Sendai, Japan, 20 September, 2010 - Businesses, academics and APEC officials gathered on Monday to finalise action plans aimed at improving supply chain connectivity in the Asia-Pacific region, crucial to boosting economic growth and speeding up regional economic integration.

APEC has been developing the action plans after working with business and government sectors last year to identify eight critical chokepoints in the supply chain, relating to regulatory impediments, customs inefficiencies and inadequate transport networks and infrastructure.

The action plans are part of efforts to achieve multi-modal connectivity by air, land and sea, and to facilitate a seamless flow of goods, services and people throughout the Asia Pacific. This is part of APEC's priority to speed up regional economic integration.

Improving overall multi-modal performance would increase intra- and extra- regional trade by up to $500 billion annually, research by APEC's Policy Support Unit shows. Although individual transport modes are important, making them work through an efficient logistics system is vital.

"Seamless connectivity is very important to increasing economic growth and forging an interconnected region," Elizabeth Chelliah, the Chair of APEC's Committee on Trade and Investment, told the experts gathered in Sendai, Japan.

"We will identify how to implement the ideas set out in the action plans and how to identify and measure the positive progress made in eradicating and eliminating these impediments to trade," Ms Chelliah said.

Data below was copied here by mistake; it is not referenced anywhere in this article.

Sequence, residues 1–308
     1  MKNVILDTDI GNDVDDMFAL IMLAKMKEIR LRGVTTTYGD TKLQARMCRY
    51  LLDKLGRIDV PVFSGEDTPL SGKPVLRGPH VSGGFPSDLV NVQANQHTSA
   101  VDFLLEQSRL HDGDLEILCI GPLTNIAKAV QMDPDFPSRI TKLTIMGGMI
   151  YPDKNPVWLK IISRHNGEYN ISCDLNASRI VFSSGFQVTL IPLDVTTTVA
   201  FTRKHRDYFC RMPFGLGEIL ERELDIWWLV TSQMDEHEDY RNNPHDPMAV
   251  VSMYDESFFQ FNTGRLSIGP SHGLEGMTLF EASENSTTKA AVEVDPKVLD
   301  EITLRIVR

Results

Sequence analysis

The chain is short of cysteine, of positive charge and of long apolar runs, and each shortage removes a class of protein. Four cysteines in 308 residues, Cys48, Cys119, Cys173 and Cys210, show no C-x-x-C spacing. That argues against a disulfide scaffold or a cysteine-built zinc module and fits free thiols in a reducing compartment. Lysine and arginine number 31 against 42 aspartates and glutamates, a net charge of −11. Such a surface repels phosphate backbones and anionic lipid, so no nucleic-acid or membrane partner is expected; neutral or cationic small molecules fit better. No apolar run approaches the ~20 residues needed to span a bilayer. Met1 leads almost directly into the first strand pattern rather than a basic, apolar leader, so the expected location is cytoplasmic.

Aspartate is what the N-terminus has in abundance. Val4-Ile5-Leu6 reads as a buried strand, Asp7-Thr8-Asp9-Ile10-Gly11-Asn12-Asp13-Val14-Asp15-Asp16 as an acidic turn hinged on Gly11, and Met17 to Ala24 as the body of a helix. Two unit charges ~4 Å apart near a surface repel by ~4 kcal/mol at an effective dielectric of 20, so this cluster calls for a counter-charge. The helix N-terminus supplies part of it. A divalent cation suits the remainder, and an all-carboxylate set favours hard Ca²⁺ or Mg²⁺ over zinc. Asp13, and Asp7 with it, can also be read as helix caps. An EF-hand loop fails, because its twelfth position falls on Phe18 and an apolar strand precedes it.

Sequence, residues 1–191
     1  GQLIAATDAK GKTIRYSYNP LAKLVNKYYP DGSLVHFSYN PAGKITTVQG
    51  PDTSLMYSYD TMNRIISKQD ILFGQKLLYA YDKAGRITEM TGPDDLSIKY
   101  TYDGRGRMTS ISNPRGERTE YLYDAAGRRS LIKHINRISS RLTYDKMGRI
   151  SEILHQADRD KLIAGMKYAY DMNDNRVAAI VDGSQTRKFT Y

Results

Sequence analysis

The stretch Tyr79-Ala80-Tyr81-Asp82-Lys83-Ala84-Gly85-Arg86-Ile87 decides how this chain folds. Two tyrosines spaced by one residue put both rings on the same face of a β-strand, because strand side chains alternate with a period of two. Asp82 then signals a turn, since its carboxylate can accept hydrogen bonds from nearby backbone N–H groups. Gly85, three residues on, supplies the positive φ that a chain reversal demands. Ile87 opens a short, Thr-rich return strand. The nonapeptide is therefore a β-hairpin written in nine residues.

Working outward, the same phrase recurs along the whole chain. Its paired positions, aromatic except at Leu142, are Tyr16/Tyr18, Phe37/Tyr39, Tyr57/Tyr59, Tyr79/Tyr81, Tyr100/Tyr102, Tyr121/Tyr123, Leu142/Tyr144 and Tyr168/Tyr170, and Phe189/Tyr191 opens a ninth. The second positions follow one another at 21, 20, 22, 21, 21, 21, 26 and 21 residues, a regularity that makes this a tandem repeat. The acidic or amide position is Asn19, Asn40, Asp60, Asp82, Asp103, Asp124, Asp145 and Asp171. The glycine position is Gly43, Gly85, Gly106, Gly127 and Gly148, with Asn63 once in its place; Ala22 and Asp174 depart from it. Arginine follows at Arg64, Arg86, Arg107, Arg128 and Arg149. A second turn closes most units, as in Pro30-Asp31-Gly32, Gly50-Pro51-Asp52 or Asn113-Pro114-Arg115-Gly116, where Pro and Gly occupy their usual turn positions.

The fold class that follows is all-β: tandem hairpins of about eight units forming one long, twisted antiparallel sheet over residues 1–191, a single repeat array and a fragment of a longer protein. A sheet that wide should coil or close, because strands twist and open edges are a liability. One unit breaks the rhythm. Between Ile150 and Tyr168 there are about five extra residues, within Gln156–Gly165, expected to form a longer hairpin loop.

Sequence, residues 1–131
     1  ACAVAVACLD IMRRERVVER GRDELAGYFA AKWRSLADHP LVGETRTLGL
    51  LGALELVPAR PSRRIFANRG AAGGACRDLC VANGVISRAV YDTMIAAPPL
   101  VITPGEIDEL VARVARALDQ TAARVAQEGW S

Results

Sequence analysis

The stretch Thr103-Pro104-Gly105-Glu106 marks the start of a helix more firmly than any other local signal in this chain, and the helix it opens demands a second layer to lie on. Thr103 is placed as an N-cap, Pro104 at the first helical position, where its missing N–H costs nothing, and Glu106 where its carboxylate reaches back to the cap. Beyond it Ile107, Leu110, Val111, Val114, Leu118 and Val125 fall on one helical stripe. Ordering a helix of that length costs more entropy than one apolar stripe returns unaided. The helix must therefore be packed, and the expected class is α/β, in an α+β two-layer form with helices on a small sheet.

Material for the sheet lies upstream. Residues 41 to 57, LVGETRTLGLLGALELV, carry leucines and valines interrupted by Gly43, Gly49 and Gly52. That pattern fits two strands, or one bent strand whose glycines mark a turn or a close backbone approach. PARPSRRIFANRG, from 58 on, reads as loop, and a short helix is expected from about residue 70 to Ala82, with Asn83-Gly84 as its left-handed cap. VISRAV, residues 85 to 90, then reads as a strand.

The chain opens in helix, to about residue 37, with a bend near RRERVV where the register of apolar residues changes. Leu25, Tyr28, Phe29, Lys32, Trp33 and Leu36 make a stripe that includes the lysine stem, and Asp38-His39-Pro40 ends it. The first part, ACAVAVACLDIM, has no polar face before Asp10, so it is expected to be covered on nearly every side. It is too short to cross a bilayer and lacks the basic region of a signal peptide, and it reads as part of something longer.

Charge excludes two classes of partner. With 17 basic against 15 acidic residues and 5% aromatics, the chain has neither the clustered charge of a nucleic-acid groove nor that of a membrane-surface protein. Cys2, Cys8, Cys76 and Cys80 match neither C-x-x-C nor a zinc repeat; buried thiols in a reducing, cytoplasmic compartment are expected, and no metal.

Business and academics told the symposium, being held over two days, that disruptions to supply chain connections such as breakdowns in transport networks and unexpected changes in regulations and customs procedures lead to shipments of goods being slowed, stopped or turned around.

Paul Gray, vice president of logistics at MDS Nordion which makes medical isotopes and sterilization products, said the regulatory environment in which it operates was necessary and stringent given the radioactive nature of many of the products being shipped.

Timing in delivery of these critical products was crucial. Hence, any disruption to the supply chain "not only adversely effects our business, but more importantly it can have a significant adverse effect on those patients who are waiting for the product for diagnosis or treatment of a life threatening disease."

The chair of APEC's Business Advisory Council, Gempachiro Aihara, said ABAC would continue to cooperate with APEC on the issue "since a strong, smooth and improved supply chain in the flow of goods and services across borders in the region is definitely in the interests of business."

As well as making it easier to trade across borders, improving connectivity will contribute to a more efficient supply chain, greater productivity and employment and increased personal mobility. This plays a role in achieving APEC's new vision of balanced, inclusive, sustainable and knowledge-based growth.

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